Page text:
Hello All,

It looks like I'll never end my search for a clear pore filler that I can make work!

I use hot hide glue for almost everything in the guitar because I think it makes a better sounding instrument---Richard Bruné agrees...It's a lot easier to use than it has the reputation for being. I'm thinking of using it as a pore filler---no wood dust added as that gives a muddy look.

I know that Gene Clark had some objections to using it as a filler, though I've never been quite sure what they were. Anybody had any experience using it for filling?



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Filling out is not one thing that HHG does well. It dries into a very thin film. Many layers needed!

Hello Roger,

What attracts me to hide glue is that it is complete "burn back" so that I can go back over the pores that need rework, without witness lines.

It's also possible to thin it enough that it can run down into the pores. Trying to force thick viscosity fillers down into the pores has never worked for me. I envision thin coats to begin with, and perhaps thicker coats later---we'll see about that.

There are many issues around pore filling having to do with appearances, and for my nylon strung instruments even the effect on tone quality---believe it or not! I once utterly killed a wenge back by filling the pores with an "odorless" cyano.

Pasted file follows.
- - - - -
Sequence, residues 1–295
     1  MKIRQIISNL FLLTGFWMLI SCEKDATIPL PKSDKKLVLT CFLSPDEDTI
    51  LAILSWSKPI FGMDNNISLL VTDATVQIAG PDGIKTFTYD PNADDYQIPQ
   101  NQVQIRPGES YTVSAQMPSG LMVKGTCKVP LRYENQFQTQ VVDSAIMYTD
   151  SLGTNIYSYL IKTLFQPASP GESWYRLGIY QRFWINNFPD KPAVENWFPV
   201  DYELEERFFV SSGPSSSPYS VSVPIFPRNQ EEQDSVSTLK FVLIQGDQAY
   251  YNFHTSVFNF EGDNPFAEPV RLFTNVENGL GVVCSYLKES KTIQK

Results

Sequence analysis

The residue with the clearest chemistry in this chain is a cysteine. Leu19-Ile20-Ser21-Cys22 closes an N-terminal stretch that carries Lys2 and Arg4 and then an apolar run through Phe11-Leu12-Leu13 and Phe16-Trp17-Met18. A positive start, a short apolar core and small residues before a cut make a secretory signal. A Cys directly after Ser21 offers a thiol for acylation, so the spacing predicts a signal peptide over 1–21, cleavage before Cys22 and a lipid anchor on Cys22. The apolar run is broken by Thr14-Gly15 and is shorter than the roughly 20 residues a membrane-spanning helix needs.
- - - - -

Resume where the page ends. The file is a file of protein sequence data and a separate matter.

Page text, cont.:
Try it, it may work fine :-) Cyano is in fact a kind of floating plastic, not good in big quantities.

The one negative thing I've heard about hide glue as a pore filler is that it can become cloudy under the finish during high humidity. I use and love hide glue but have not tried it as a pore filler myself.

Hello Roger and Doug,

Thanks for your comments (:->)...

A couple of clarifications. Wenge has to be one of the most porous of the hardwoods---great tap tone. Ervin and I agree that it comes the closest to sounding like the Brazilian that we could buy back in the old days.

The "odorless cyano" has quite a rubbery consistency when set up---might even not be cyano...The wenge back filled with it was so dead that I didn't even bother to test it for damping. I just gave the student a new wenge back. The guitar was eventually finished by Haiying using the usual pumice and shellac method, and is quite successful.

More clarifications: I'll be sanding back to the wood so that there isn't any glue left on the surface, just in the pores.

I'm starting a test today of a comparison of a shellac pore fill and an HHG pore fill. They both cure up hard, so I'm guessing that they will have about the same---minimal--- effect on tap tone (Q). Plain shellac improves the Q of my LS redwood by about 30%, to my surprise!

I pre-finish parts, which is a trick that I learned while making furniture in Frank's Gryphon building back in the early 1990's. Backs and sides are filled, and cured in a drying cabinet at 90-100° F., as are necks and bridges. I then proceed with French polishing when the guitar is all put together---notes available on request.



i have tried it once on a classical top refin. it was fairly easy, but i went through a bit of sandpaper as there is no wet sanding to get out any imperfections AND it loads up the sandpaper that you are using.


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